Novel mechanism revealed for increasing recombinant protein yield in tobacco

August 6, 2009

Elastin-like polypeptides (ELPs) cause plants to store GM proteins in special 'protein bodies', insulating them from normal cellular degradation processes and increasing the overall protein yield. Researchers writing in the open access journal BMC Biology have visualised the mechanism by which the synthetic biopolymer increases the accumulation of recombinant proteins.

Rima Menassa worked with a team of researchers from Agriculture and Agri-Food Canada in London, Ontario, to develop and test the ELP tags by targeting an ELP-green fluorescent (GFP) fusion to various organelles in the leaves of the plant. Tobacco is well-suited as a production system for recombinant proteins but the mechanism by which ELP fusions increase production yields in transgenic tobacco leaves was previously unknown. Menassa said, "ELP was shown to almost double the yield of GFP to 11% of total soluble protein when hyperexpressed in the endoplasmic reticulum (ER)".

Based on their confocal and analyses, the researchers suggest that ELP fusions targeted to the ER induce the formation of novel mobile protein body-like structures in leaves, which appear similar in size and morphology to the prolamin-based protein bodies naturally found in plant seeds. These bodies may be responsible for ELP's positive effect on recombinant protein accumulation by excluding the heterologous protein from normal physiological turnover.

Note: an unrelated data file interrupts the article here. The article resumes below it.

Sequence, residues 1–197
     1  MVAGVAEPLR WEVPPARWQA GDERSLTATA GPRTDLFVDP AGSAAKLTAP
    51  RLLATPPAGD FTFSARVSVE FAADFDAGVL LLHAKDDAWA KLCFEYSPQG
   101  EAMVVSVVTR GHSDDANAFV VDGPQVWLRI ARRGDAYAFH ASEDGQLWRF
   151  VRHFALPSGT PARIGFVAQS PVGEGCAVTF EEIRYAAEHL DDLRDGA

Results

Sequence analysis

The researchers targeted their ELP fusions to the cytoplasm, chloroplasts, apoplast and ER in Nicotiana benthamiana tobacco plants. They found that the ER was the only intracellular compartment in which the ELP significantly enhanced recombinant protein accumulation. They conclude, "An ER-targeted ELP fusion approach provides an effective strategy for depositing large amounts of concentrated heterologous protein within the limited space of the cell".

More information: Induction of protein body formation in plant leaves by elastin-like polypeptide fusions; Andrew J Conley, Jussi J Joensuu, Rima Menassa and Jim E Brandle; BMC Biology (in press);

Source: BioMed Central (news : web)

Explore further: Tomorrow’s tobacco to save lives

Related Stories

Tomorrow’s tobacco to save lives

November 14, 2005

In the future, tobacco may be a crop that saves lives. Tobacco is one of those plants that could be used as green factories for high-tech production of drugs. A new discovery shows how production can be made considerably ...

Do plants have the potential to vaccinate against HIV?

March 13, 2006

Scientists have developed a new kind of molecule which they believe could ultimately lead to the development of a vaccine against HIV using genetically modified tobacco. Writing in Plant Biotechnology Journal, Dr Patricia ...

Recommended for you

A common mechanism for human and bird sound production

November 27, 2015

When birds and humans sing it sounds completely different, but now new research reported in the journal Nature Communications shows that the very same physical mechanisms are at play when a bird sings and a human speaks.

Study suggests fish can experience 'emotional fever'

November 25, 2015

(—A small team of researchers from the U.K. and Spain has found via lab study that at least one type of fish is capable of experiencing 'emotional fever,' which suggests it may qualify as a sentient being. In their ...


Please sign in to add a comment. Registration is free, and takes less than a minute. Read more

Click here to reset your password.
Sign in to get notified via email when new comments are made.